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Pfizer-BioNTech’s vaccine gets slightly weaker over time, company data shows, but remains strong in preventing severe disease.

Pfizer-BioNTech’s vaccine gets slightly weaker over time, company data shows, but remains strong in preventing severe disease.
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Pfizer-BioNTech’s vaccine gets slightly weaker over time, company data shows, but remains strong in preventing severe disease.

Pfizer-BioNTech’s vaccine gets slightly weaker over time, company data shows, but remains strong in preventing severe disease.

The effectiveness of the Pfizer-BioNTech vaccine declines slightly over time, according to recently released data from the companies, but remains strong in preventing serious illness. With coronavirus cases on the rise again in many states, the results may influence the Biden administration’s deliberations on administering a booster.

The vaccine had an extremely high efficacy rate of around 96% against symptomatic Covid-19 during the first two months, the study showed, but then declined by around 6% every two months after that, falling to 83.7% after six months. Against serious illnesses, its effectiveness has remained at around 97 percent. The data was posted online Wednesday and has not been published in a scientific journal.

Despite the decline, data confirms that the vaccine offers potent protection against Covid-19. Still, the study raises questions about the protection two doses will provide in the coming months. Added to these concerns is the rise of the Delta variant, which makes vaccines a little less effective against infection. The variant did not become dominant until after the study was completed. But recent studies have also shown that vaccines remain highly protective against the worst consequences of Covid-19 caused by the Delta variant.

The results come from 42,000 volunteers in six countries who participated in a clinical trial that Pfizer and BioNTech began last July. Half of the volunteers received the vaccine while the other half received a placebo. The two groups received two injections three weeks apart. The researchers compared the number of people in each group who developed symptoms of Covid-19, which were then confirmed by a PCR virus test.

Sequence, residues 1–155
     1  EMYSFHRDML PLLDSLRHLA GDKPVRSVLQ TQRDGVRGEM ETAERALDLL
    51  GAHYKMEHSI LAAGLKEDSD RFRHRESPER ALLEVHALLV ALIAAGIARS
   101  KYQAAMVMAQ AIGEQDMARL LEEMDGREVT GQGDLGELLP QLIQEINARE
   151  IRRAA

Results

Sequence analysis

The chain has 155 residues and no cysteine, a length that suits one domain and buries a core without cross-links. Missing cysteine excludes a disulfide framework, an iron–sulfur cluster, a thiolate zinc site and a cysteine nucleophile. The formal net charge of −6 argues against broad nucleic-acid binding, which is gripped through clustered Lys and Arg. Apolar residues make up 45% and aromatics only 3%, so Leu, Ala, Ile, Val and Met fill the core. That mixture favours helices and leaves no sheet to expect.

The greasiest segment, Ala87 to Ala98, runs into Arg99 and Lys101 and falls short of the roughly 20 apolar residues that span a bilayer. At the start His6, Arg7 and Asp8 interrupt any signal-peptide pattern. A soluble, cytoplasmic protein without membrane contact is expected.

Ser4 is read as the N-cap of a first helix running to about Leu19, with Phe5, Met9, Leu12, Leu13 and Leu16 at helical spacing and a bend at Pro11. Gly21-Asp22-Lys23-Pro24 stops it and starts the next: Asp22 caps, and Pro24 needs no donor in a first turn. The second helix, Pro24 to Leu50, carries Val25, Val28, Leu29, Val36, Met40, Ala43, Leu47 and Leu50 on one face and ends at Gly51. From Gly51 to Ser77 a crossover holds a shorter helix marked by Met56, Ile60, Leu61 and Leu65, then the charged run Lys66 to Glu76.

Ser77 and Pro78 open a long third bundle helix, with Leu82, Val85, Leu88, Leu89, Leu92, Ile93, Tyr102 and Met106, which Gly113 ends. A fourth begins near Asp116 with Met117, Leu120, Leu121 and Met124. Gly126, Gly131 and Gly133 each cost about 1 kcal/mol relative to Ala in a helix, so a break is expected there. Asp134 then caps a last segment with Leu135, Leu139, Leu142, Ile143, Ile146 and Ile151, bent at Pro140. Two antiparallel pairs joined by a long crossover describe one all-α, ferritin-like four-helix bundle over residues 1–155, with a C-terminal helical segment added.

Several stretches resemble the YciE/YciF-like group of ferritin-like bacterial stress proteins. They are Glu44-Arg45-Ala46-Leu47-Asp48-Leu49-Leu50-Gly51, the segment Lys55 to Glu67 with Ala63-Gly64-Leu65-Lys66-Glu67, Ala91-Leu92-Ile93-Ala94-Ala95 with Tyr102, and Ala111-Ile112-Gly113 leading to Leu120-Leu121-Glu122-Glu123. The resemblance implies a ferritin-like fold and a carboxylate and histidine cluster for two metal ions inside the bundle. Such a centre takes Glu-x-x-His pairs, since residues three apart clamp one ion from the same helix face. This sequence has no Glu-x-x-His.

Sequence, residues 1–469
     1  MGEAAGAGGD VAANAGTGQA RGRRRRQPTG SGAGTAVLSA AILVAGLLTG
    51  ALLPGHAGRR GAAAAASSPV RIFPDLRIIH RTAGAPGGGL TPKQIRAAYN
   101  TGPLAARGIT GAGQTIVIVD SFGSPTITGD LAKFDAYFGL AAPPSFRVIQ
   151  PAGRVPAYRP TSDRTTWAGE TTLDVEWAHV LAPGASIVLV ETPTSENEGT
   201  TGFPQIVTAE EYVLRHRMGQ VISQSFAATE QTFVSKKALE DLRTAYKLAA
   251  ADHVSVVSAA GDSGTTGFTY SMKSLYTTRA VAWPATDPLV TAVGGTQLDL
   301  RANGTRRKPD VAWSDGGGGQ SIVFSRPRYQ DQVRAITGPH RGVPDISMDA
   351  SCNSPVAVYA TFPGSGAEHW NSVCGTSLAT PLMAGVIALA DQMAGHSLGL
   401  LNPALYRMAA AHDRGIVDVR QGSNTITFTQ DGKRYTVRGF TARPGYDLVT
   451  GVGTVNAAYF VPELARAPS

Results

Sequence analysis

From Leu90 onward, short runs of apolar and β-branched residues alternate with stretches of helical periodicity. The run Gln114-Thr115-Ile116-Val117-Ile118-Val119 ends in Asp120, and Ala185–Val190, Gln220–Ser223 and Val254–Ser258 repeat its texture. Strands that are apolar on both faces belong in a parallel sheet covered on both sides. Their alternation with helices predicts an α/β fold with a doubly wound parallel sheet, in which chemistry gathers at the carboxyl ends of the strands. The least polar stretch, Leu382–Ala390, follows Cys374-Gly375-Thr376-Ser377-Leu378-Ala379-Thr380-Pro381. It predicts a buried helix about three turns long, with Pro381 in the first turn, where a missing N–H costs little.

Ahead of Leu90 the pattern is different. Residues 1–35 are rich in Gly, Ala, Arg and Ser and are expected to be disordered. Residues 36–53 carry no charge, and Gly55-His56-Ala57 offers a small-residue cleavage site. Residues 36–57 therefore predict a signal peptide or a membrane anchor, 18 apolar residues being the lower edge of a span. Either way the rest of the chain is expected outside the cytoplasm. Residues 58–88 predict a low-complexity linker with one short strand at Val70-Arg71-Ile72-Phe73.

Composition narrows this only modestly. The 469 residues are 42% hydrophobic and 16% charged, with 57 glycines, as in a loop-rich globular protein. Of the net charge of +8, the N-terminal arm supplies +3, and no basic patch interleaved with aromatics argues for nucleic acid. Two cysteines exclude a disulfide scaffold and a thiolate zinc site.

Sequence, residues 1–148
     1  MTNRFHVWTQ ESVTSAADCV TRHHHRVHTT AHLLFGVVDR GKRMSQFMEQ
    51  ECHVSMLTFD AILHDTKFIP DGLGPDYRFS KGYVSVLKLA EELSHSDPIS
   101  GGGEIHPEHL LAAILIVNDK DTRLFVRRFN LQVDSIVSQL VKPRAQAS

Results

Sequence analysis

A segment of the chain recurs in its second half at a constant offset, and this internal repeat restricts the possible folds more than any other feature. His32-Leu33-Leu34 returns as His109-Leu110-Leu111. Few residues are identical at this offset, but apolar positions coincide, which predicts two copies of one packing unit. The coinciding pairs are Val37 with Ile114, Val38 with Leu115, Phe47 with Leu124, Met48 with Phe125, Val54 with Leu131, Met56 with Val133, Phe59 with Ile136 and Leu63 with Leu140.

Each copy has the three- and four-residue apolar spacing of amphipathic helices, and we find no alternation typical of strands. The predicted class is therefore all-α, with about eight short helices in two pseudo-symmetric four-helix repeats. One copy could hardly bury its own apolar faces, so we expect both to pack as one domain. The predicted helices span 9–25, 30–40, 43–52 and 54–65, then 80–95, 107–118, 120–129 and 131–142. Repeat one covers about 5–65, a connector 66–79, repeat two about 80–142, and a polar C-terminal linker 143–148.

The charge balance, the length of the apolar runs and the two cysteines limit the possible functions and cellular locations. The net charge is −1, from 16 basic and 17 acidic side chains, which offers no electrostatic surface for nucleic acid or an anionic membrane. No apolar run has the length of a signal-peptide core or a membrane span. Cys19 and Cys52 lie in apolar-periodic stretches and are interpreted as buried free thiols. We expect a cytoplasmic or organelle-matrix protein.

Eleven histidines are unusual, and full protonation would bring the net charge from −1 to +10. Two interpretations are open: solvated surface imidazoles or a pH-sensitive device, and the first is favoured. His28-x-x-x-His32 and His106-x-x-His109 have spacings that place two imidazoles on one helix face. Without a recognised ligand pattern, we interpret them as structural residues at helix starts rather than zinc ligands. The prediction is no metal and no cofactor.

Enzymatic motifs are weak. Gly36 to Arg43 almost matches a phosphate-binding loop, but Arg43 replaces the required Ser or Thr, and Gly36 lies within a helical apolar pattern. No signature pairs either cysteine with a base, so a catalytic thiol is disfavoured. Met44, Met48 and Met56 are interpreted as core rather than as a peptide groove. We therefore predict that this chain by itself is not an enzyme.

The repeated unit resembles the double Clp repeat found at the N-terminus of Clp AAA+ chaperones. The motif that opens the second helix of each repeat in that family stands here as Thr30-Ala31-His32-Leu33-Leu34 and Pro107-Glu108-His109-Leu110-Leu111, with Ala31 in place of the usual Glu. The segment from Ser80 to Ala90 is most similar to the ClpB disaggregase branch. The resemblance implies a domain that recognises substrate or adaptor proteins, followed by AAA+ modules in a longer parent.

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When the companies announced their first batch of results, the vaccine showed 95% efficacy against symptomatic Covid-19. In other words, the risk of getting sick was reduced by 95% in the group that received the vaccine compared to the group that received the placebo.

This result – the first for any Covid-19 vaccine – brought an exhilarating dose of hope to the world in December as it weathered what had been the biggest wave of the pandemic. Since then, the Pfizer-BioNTech vaccine has made up the majority of injections Americans have received, with more than 191 million doses administered to date, according to the Centers for Disease Control.

After the first analysis, researchers from Pfizer and BioNTech continued to follow the volunteers. Research became more difficult over time, as volunteers who received the placebo could apply to receive the vaccine once it was cleared in their country.

For the new study, the researchers followed the volunteers for six months after vaccination, until the deadline of March 13. Over this entire period, the researchers estimated the effectiveness of the vaccine at 91.5% against symptomatic Covid-19. (The study did not measure the rate of asymptomatic viral infections.)

But during this period, the efficiency gradually declined. Between one week and two months after the second dose, the efficacy was 96.2 percent. In the period between two and four months, the efficiency fell to 90.1 percent. And between four and six months, the efficiency reached 83.7%.

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Each estimate had a margin of uncertainty. But over the six months of the trial, there was a marked decrease in effectiveness.

The new study follows data from Israel suggesting that Pfizer-BioNTech’s protection may decrease there. But experts fended off the rush to approve a recall there. The data has too many sources of uncertainty, they say, to make an accurate estimate of the decrease in efficiency. For example, the epidemic caused by the Delta first hit parts of the country with high vaccination rates and then affected other areas. “Such an analysis is still very uncertain,” said Doron Gazit, a physicist at Hebrew University who analyzes trends in Covid-19 for the Israeli government.


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